When you happen upon a Sicilian wedding it would be rude not to stay for the whole thing and cheer for the bride and groom!

We doubled down on the weather, and headed up to Mount Erice 750 meters above sea level.  We saw photos of the sunlit expansive seaside view but we had quite a different experience.  The kids ran free through the misty gardens and climbed trees until out of sight.  Cold and wet we wandered through the tight streets and alleys and into the eerily spiritual Monastery San Salvador and walked along walls and cliffs on the outskirts of the vast park extending from the Castle of Venus (or as Quinn says “Aphrodite, Roman form”).  Justin purchased a lovely Italia sweatshirt to fend off the frozen finger chill.  Who needs summer?

On Tuesday, we set off for Cefalu.  We had promise of a westerly wind and a nice downwind sail but found choppy waves and a defeated sailing point.  We dropped the main ahead of the cape and hoped for better conditions on the other side.  A day of adverse circumstance had Justin on the second set of spreaders just off of Palermo.  The lazy jacks of the main sail snapped and the difficulty of lowering that sail in any kind of weather pushed us to action.  Temporary fix in place, we arrived in the gorgeous harbor of Cefalu right at sunset.

The beauty of this bay, nestled in craggy cave-filled rocks, is astounding. Clear calm blue water, albeit chilly (clearly as even the Germans wore clothes upon diving in), invited serenity. We spent the next day eating, shopping and exploring in town. We attempted to enter the gardens and paths of the temple of Diana perched high above the buildings but were informed that it was impermissible with our flip flops. Justin took the kids back to the boat while AKB and I searched for a plunger and provisions (success all around). He set the children loose in the cave (birds not happy and they were retrieved) and then loose on the dinghy. Delighted captain and crew all around.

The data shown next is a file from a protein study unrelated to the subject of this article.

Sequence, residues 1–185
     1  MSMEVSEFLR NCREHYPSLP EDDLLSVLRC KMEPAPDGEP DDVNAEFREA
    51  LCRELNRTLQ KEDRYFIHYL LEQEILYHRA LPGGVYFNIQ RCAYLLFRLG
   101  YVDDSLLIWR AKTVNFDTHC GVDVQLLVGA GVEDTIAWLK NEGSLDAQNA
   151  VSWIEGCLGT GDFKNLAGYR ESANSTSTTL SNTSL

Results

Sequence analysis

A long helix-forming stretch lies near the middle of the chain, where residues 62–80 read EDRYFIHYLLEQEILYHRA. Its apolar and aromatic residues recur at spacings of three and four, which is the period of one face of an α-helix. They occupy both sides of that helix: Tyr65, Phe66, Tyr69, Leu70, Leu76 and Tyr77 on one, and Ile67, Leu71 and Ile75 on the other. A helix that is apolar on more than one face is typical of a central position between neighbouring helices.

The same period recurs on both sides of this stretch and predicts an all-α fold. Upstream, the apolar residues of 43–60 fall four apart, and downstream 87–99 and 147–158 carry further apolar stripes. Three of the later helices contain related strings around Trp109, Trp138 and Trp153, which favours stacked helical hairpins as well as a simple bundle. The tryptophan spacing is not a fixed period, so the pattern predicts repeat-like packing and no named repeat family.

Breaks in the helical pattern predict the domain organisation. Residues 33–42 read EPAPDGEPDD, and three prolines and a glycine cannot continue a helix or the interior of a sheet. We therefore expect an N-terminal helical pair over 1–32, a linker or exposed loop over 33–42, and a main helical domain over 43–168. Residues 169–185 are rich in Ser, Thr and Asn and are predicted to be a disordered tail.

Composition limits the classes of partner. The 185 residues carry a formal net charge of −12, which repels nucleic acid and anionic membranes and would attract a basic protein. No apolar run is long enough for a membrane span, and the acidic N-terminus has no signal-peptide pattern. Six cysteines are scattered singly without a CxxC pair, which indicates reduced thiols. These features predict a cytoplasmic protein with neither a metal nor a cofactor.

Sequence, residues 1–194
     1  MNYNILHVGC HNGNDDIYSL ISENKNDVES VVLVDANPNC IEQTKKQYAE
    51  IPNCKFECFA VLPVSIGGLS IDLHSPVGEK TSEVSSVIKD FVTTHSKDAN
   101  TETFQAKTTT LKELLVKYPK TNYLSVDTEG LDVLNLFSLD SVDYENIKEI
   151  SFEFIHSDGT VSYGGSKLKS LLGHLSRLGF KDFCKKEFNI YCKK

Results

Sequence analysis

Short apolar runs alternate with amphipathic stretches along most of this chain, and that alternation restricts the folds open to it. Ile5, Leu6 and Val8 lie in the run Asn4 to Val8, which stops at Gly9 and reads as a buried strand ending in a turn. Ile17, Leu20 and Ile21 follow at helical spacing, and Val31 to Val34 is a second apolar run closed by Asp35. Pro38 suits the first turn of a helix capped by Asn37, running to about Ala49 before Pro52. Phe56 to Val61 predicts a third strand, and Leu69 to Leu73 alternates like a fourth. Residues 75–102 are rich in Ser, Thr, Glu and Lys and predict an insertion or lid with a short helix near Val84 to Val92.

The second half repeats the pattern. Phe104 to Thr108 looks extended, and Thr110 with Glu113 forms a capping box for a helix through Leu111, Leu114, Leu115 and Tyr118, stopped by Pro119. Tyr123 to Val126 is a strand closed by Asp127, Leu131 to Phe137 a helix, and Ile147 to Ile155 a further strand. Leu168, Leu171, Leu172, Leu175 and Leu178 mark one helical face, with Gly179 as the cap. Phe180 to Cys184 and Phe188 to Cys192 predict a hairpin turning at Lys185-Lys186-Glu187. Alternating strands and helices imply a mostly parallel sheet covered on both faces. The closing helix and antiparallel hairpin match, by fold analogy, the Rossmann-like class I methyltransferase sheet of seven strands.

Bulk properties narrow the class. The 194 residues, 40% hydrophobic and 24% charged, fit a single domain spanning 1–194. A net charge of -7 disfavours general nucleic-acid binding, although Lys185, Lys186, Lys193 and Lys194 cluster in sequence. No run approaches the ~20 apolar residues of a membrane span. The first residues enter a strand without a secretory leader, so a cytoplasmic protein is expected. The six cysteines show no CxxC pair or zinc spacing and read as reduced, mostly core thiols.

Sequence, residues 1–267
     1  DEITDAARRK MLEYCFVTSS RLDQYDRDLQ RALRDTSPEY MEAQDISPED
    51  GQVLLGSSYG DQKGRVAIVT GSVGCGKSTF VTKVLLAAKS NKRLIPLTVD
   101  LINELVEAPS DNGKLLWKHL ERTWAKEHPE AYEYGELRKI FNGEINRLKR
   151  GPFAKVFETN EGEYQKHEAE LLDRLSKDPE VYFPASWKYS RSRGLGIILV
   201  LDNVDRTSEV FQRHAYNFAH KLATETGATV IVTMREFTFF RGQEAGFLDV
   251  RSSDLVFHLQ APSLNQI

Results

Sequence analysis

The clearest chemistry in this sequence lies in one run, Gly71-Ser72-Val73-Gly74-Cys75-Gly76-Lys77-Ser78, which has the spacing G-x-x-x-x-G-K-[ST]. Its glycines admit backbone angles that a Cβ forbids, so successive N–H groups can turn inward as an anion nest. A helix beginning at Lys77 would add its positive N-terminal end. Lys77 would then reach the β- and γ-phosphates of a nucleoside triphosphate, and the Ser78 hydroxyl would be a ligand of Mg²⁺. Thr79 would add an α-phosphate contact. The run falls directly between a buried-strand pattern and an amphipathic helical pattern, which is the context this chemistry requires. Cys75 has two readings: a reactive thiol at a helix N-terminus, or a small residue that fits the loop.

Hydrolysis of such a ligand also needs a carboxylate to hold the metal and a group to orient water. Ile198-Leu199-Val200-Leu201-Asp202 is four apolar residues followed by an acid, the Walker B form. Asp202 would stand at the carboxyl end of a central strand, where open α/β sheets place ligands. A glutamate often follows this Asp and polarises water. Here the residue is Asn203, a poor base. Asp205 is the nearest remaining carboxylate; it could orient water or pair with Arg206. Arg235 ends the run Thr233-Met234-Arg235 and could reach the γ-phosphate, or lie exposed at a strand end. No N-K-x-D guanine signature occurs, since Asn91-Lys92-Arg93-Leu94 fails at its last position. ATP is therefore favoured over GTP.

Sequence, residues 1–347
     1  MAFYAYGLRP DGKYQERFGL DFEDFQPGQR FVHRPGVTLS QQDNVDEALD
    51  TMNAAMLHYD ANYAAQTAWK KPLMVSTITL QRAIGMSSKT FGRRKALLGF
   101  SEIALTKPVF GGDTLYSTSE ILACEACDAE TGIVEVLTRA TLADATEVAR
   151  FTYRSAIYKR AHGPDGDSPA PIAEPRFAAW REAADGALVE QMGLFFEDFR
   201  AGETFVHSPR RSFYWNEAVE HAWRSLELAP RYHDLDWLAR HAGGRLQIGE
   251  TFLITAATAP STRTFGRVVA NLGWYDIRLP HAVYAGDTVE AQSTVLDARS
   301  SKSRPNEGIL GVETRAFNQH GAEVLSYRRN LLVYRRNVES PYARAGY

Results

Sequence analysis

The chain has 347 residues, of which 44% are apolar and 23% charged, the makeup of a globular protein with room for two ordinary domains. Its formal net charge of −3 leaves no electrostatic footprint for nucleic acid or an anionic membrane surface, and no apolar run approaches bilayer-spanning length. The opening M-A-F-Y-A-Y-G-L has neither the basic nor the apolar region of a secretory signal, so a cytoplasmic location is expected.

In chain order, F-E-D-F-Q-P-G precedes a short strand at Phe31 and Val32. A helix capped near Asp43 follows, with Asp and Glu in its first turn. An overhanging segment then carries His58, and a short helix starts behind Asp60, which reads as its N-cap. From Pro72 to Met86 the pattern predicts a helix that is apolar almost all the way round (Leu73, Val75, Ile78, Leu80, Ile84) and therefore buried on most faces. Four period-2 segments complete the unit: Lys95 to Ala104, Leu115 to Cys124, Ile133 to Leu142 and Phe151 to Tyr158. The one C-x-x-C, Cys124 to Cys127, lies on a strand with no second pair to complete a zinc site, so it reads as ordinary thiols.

We motored to Milazzo the next day as to get to a suitable launch for our transit of the Straights of Messina. We were lured into a small (and possibly Gansta) marina after our search of a weedless anchorage was unyielding. We were officially under protection. Our security had a Colt water gun and advised he’d be by the boat at 4 in the morning. We declined that extra service. We walked the promenade and had a farewell dinner with AKB, as her taxi was picking her up dockside at 5 in the morning.

We awoke excited and nervous. We rechecked the website indicating tides for the straights and their respective current speeds and set off. The approach was a couple of hours. We talked of whirlpools and shipwrecks. We radioed our intention and were given permission, whereupon Justin radioed back with finger off the button inquiring of sea monster sightings. Quinn stood at the ready, bow over shoulder and sword in hand. We would never be more ready.